Will India budget please the masses?

In this July 6, 2014 photo, shoppers at a sale at a clothing store in a mall in Delhi. Image copyright AFP
Image caption The budget has slightly reduced tax rates in a bid to woo the middle classes

The first budget of the newly-elected Indian Prime Minister Narendra Modi's government seeks to raise revenues by divesting shares of government-owned enterprises and has raised limits on foreign investment in companies providing insurance services and electronic commerce, as well as those engaged in manufacturing defence equipment.

While the budget presented on Thursday by Finance Minister Arun Jaitley, who is holding this portfolio for the first time, did not contain any big-bang proposals or announcements, it sought to further the economic agenda of the Hindu nationalist Bharatiya Janata Party (BJP) by offering a slew of small sops for industry and trade.

For the first time in three decades, a political party in India was able to obtain a majority of seats in the lower house of parliament in India when the BJP government was elected to power in May.

The budget clearly indicates that the overall thrust and tenor of the current government's economic policies and programmes are not very different from the market-friendly agenda followed by the previous government in Delhi, led by the Congress party.

While the budget has not substantially expanded the welfare schemes that had been put in place by the earlier coalition government which was in power for a decade, including programmes to provide work in rural areas and ensuring food security, this budget has sought to ease procedures for doing business in India.

Among other things, the budget has attempted to clarify doubts on transfer pricing regulations, which were a source of tax disputes and litigation, and the definition of capital assets.

Contentious issue

Indices in India's stock markets, which are driven by the purchase and sale decisions of foreign institutional investors, were initially muted, then perked up before collapsing.

On the contentious issue of taxing capital gains arising out of indirect transfers of assets through transactions in tax havens, the budget announced that a committee would be set up to scrutinise such cases in the future.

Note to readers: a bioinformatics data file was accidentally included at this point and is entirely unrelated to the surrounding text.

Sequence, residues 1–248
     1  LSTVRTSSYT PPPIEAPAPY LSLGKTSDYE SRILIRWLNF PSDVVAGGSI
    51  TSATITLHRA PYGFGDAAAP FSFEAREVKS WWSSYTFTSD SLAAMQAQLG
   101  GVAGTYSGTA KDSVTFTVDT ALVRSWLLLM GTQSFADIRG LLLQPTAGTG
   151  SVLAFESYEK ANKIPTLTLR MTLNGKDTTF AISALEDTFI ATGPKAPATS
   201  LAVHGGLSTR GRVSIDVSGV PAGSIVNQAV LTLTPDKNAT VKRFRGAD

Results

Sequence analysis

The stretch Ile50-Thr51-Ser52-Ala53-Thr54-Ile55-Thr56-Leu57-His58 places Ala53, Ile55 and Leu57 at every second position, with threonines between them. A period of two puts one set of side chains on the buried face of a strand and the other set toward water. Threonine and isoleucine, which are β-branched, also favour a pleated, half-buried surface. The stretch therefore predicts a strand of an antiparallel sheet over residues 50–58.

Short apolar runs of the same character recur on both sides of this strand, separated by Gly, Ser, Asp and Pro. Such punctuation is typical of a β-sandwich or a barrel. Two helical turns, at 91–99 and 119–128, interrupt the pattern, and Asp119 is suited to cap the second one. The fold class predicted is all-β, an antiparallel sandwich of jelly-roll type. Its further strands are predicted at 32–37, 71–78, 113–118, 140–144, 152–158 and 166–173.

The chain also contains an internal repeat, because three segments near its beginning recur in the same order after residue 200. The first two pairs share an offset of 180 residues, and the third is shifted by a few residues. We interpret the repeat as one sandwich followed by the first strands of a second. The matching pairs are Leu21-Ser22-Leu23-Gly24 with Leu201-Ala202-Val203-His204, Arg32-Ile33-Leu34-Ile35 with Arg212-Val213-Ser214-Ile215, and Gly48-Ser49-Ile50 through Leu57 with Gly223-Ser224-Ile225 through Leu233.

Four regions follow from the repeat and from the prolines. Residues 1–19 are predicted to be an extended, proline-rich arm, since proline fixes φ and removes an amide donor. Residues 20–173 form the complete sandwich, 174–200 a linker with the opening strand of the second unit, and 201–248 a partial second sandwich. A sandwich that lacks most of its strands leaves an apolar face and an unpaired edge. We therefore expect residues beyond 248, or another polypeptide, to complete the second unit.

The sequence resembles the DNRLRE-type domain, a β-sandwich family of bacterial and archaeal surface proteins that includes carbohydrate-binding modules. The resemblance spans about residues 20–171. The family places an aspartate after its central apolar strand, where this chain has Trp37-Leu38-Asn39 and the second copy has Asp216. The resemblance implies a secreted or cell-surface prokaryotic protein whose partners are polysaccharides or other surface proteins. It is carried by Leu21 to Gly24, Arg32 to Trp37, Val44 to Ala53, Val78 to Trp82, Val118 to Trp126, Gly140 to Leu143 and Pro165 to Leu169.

Image copyright AP
Image caption Finance Minister Arun Jaitley is promising to bring back higher growth
Image copyright AFP
Image caption The budget offers a slew of small sops for industry and trade

The biggest and most controversial case of this kind relates to a tax demand of roughly $3bn (£1.75bn) by the income tax department on British telecoms multinational Vodafone.

In 2012, the Indian government amended the tax laws with retrospective effect to overturn a judgement of the Supreme Court favouring Vodafone.

Mr Jaitley's budget speech implied that the Vodafone case would be decided in appropriate legal forums.

The finance minister acknowledged that there were two huge areas of uncertainty that could potentially send his budget arithmetic completely awry.

The first is the uncertain monsoon that could adversely affect agricultural production, thereby increasing the prices of food products, since only 40% of the total cropped area in India has assured irrigation facilities.

The second area of uncertainty relates to international prices of crude oil, which are expected to rise on account of the ongoing unrest in the Middle East.

The Indian economy is particularly vulnerable in this regard as the country currently imports more than 80% of its total requirements of crude oil, roughly a third of it from countries in the Gulf region.

Mr Jaitley has sought to earn a few brownie points by lowering the effective rates of tax applicable to the personal incomes of those belonging to the middle classes. However, this move will benefit only a small section (around 3%) of India's 1.2 billion population that pays personal income tax.

The budget contains little for the vast majority of the country's people, whose real incomes have been sharply eroded in recent years on account of persistently high inflation.

The finance minister hopes to keep the fiscal deficit under control by raising taxes on sinful products - including cigarettes and aerated soft drinks - and divesting shares of public sector companies.

What is not certain is whether the proposals announced in the budget would revive investments, spur growth and also create employment opportunities.

Over the last two years, the Indian economy has grown by less than 5%, whereas it had grown by over 9% during three years between 2006 and 2008.

The Modi government has raised expectations to very high levels, which will not be easy to fulfil.

Mr Jaitley's budget has provided small sops to various sections of Indian society.

But by spreading the happiness thinly, instead of pleasing everybody, he may end up pleasing nobody, or very few.

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